We invite you to apply by clicking on the link below, then on the “Apply Now” button where you can register for the first time or enter your Username and Password in order to re-access your profile on our system.
Applications will be accepted until position is filled.
For more information please contact Linda Hand, Lead Talent Acquisition at (604) 875-7216 or email firstname.lastname@example.org
For more information on all that the PHSA has to offer, please visit jobs.phsa.ca.
For more information about the BC Centre for Disease Control, please visit bccdc.ca.
PHSA is committed to employment equity and hires on the basis of merit. We encourage applications from all qualified individuals, including Aboriginal peoples, persons with disabilities and members of visible minorities.
PHABC’s office coordinator, Christina (left), and student intern, Ida (right)
The Public Health Association of BC is pleased to introduce, Ida Holland-Letz, who will be interning for PHABC until the end of January 2018. Ida is a 3rd year student of public health hailing from Germany; born in Cologne and currently living in Bremen, just outside of Hamburg. Her bachelor’s degree will be supplemented by her internship with PHABC and provide her with the opportunity to gain practical knowledge, a greater understanding of public health, and network with public health and health professionals across the province.
Ida Holland-Letz is incredibly interested in public health, especially in the topics of health prevention and promotion. This interest grew after she completed her high school education and traveled to India as a volunteer English teacher for 11 months. Through this volunteer service and her subsequent work in a refugee centre back home in Germany, she gained extensive experience working with disadvantaged people and navigating intercultural and social interactions with care and compassion. Ida Holland-Letz looking forward to using her growing skill set to help fulfill PHABC’s vision of a healthy and accessible British Columbia for all.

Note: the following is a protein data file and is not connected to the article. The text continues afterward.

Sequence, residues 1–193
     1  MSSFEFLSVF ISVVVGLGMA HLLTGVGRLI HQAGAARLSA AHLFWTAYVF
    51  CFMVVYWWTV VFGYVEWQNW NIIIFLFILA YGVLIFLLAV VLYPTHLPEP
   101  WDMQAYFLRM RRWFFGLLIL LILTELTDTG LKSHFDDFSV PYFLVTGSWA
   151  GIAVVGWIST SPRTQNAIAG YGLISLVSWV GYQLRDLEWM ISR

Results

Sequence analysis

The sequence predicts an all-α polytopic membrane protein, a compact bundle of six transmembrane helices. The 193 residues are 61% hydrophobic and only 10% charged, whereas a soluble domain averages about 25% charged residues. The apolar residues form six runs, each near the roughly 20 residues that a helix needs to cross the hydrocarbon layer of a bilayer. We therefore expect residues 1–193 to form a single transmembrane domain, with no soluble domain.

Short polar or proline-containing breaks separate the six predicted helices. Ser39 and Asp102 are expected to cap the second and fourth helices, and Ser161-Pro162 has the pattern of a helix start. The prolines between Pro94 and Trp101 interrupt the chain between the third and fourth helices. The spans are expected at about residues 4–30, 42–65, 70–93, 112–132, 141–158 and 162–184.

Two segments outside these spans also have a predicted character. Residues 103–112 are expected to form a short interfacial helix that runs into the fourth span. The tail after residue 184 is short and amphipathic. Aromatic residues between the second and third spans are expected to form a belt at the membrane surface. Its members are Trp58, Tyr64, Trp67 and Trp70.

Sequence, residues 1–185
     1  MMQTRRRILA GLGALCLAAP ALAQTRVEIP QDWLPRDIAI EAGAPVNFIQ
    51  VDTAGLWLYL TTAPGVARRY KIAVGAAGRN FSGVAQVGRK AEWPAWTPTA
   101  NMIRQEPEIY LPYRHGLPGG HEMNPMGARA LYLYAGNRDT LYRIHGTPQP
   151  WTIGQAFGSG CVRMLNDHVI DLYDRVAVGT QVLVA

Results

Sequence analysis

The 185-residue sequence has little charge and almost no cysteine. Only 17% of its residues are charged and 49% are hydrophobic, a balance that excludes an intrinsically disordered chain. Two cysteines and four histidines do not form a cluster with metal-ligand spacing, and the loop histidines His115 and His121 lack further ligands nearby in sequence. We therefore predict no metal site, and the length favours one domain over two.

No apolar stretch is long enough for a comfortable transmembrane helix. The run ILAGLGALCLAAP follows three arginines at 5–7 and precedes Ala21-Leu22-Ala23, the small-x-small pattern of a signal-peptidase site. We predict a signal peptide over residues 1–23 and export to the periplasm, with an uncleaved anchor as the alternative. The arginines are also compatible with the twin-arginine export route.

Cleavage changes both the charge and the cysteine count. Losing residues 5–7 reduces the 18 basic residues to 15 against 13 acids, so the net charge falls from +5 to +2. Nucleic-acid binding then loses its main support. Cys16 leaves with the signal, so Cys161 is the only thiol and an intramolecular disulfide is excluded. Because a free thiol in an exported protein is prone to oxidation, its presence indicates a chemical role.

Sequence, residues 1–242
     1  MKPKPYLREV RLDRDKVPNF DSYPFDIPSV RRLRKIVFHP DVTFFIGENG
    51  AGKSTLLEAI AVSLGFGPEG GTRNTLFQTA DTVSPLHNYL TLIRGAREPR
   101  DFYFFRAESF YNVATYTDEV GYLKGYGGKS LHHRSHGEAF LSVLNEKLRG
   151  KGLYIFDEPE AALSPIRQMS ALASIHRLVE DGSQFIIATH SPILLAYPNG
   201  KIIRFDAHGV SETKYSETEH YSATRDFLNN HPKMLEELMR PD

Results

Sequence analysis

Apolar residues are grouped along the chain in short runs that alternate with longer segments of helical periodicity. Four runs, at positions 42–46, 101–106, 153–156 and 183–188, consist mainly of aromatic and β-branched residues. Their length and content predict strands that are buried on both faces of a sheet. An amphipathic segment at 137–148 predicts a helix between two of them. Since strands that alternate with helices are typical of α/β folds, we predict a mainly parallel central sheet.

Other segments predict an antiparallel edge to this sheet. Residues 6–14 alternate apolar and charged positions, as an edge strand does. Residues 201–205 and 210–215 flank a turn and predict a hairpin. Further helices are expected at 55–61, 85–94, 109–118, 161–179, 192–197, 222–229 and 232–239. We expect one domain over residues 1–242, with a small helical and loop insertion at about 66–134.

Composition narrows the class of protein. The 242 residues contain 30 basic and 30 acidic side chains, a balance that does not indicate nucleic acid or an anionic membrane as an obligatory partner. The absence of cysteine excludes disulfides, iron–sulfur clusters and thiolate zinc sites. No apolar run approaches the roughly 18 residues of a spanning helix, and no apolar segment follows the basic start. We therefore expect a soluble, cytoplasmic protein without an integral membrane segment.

Throughout her internship Ida will be given the opportunity to provide support to PHABC in a myriad of ways and will work closely with the executive director, office coordinator, various project managers, contractors and partner organizations across the province. We hope to impart with Ida a keen understanding of all aspects of public health over the next six months.
If you see her at this year’s conference (November 16th & 17th, 2017 at the Sutton Place Hotel in downtown Vancouver) be sure to introduce yourself and welcome her to Canada!
The Nuu-chah-nulth Tribal Council (NTC) is seeking a part-time (0.6) Registered Nurse to provide a full continuum of Community Health Nursing services to individuals in a variety of community-based settings in NTC’s Southern Region territory. Our Nursing services follow the Nuu-chah-nulth Nursing framework that ensures culturally safe, relational, reflective and trauma informed Nursing Practice. This position is based out of Port Alberni.